Fathers of school-age daughters become less sexist as they see the challenges their girls face growing up say experts
- Research suggests that men become less sexist when they have a daughter
- Study dispels idea gender stereotypes ingrained from youth, researchers say
- Research suggests changes in attitude happen over time, not instantly
Men who have a school-aged daughter are less sexist, a new study has found.
Research carried out by the London School of Economics said fathers become more aware of the challenges girls face when they see their own offspring grow up.
They also claimed the research dispels the notion gender stereotypes are fixed in people’s minds from their formative years, and that attitudes towards genders can change.
Research carried out by the London School of Economics said fathers become more aware of the challenges girls face when they see their own offspring grow up (stock image)
Dr Joan Costa-i-Font, co-author of the research, said: ‘Basically we are saying there is scope for changing attitude later in life.’
Researchers examined data from the British household panel survey which was conducted every year between 1991 and 2012. The responses of more than 5,000 men and more than 6,300 women who had children under the age of 21 living with them, regardless of their relationship.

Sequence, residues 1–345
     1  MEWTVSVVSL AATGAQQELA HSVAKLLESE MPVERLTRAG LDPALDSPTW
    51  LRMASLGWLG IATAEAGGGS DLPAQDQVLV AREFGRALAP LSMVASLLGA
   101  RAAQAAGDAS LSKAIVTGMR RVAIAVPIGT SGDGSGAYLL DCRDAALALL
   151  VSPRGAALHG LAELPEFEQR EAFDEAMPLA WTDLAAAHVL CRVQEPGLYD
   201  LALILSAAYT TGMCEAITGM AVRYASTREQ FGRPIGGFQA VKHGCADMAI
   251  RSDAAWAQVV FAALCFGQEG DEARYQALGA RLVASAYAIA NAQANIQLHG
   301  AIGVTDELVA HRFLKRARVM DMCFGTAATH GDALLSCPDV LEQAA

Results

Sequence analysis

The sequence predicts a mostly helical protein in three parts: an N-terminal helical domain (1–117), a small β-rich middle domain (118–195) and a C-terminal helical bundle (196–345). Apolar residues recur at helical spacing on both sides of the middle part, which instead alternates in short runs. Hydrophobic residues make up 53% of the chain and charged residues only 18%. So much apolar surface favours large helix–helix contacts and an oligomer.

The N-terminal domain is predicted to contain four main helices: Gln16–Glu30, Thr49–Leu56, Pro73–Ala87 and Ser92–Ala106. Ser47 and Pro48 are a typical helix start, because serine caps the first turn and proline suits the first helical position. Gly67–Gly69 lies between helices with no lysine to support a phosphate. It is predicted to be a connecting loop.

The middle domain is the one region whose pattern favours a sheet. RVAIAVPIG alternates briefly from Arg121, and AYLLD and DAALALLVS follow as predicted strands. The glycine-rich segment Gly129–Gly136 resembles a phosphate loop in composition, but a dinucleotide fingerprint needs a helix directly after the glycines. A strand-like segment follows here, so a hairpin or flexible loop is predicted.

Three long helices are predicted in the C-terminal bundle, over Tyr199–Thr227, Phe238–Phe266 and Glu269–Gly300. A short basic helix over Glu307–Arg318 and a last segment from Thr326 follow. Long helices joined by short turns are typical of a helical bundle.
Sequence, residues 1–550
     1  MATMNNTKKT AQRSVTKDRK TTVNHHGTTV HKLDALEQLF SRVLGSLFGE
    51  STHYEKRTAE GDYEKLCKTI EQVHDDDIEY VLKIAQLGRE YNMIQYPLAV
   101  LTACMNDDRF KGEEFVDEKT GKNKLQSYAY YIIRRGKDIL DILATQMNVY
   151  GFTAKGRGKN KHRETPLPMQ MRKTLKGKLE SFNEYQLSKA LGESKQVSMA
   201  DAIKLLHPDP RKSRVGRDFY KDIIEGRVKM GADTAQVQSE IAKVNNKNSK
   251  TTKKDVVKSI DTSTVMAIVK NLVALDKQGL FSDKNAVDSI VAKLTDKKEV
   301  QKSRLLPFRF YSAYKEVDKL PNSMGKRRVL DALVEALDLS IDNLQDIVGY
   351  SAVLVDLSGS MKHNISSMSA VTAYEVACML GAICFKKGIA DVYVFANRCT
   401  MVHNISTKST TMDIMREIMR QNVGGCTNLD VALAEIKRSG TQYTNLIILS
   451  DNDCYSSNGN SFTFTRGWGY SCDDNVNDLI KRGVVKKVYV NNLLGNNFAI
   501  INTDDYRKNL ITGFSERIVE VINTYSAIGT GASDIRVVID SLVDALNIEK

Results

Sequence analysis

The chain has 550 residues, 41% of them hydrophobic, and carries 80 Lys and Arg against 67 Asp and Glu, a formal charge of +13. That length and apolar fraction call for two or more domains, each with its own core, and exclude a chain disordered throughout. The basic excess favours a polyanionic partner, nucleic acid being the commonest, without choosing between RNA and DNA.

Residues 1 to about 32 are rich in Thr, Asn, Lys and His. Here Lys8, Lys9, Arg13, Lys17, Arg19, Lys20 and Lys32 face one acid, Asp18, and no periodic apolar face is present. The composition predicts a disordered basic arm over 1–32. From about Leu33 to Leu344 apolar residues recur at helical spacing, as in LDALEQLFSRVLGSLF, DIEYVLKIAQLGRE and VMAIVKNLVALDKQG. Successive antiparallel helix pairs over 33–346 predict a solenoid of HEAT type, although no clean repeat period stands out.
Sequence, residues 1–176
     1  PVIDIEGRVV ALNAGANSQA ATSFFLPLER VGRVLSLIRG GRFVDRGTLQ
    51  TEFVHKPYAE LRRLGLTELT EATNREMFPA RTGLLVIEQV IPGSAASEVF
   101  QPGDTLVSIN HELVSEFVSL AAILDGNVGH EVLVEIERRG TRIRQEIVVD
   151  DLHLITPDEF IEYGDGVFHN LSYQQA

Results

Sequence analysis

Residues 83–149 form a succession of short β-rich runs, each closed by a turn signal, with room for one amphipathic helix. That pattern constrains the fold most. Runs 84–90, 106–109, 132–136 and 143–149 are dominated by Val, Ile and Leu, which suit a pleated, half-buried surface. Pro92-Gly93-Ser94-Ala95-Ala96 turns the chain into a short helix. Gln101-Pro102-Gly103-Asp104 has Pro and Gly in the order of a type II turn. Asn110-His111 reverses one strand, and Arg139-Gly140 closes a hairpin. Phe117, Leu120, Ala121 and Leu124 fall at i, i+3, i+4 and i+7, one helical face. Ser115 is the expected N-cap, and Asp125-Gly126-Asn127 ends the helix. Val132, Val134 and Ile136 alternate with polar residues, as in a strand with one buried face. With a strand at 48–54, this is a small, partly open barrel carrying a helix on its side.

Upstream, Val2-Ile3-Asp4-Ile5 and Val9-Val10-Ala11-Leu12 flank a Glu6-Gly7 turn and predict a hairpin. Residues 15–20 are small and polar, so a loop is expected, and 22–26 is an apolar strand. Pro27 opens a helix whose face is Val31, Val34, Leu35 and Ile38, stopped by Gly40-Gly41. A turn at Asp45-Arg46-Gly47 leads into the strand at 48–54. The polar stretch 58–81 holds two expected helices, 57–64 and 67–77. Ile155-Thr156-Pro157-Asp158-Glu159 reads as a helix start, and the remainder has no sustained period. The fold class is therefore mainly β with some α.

Participant’s levels of agreement with statements like ‘a husband’s job is to earn money; a wife’s job is to look after the home and family’, and how that changed over time. Those who were neutral or agreed were put in one group, while those who disagreed in another.
Men with daughters were more likely to disagree with the statements than those without, if their daughter was of school-age.
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The probability of holding ‘traditional’ attitudes fell from more than 37 per cent with those who did not have a child or only had sons, to 33 per cent with those who had at least one daughter of secondary school age.
While the cause as to why there is a shift in attitudes was not examined, researchers claimed the findings tie in with fathers’ becoming more understanding of females’ lives.
The report read: ‘They experience first-hand all the issues that [exist] in a female world and then that basically moderates their attitudes towards gender norms and they become closer to seeing the full picture from the female perspective.’
The research also found the shift does not appear to happened straight after their child is born, but later in their daughter’s lives.
There was no shift in men who already held feminist views and no effect in mothers.
Costa-i-Font said the effect was also seen when the team looked at how men responded to the statement ‘both the husband and the wife should contribute to household income’.
Couples were also less likely to have the man working but not the woman when they had a school-aged daughter.
‘It is not just that we find effects on attitudes; we find effects as well on behaviours, which is important because attitudes could be cheap talk, but behaviours are not,’ said Costa-i-Font.
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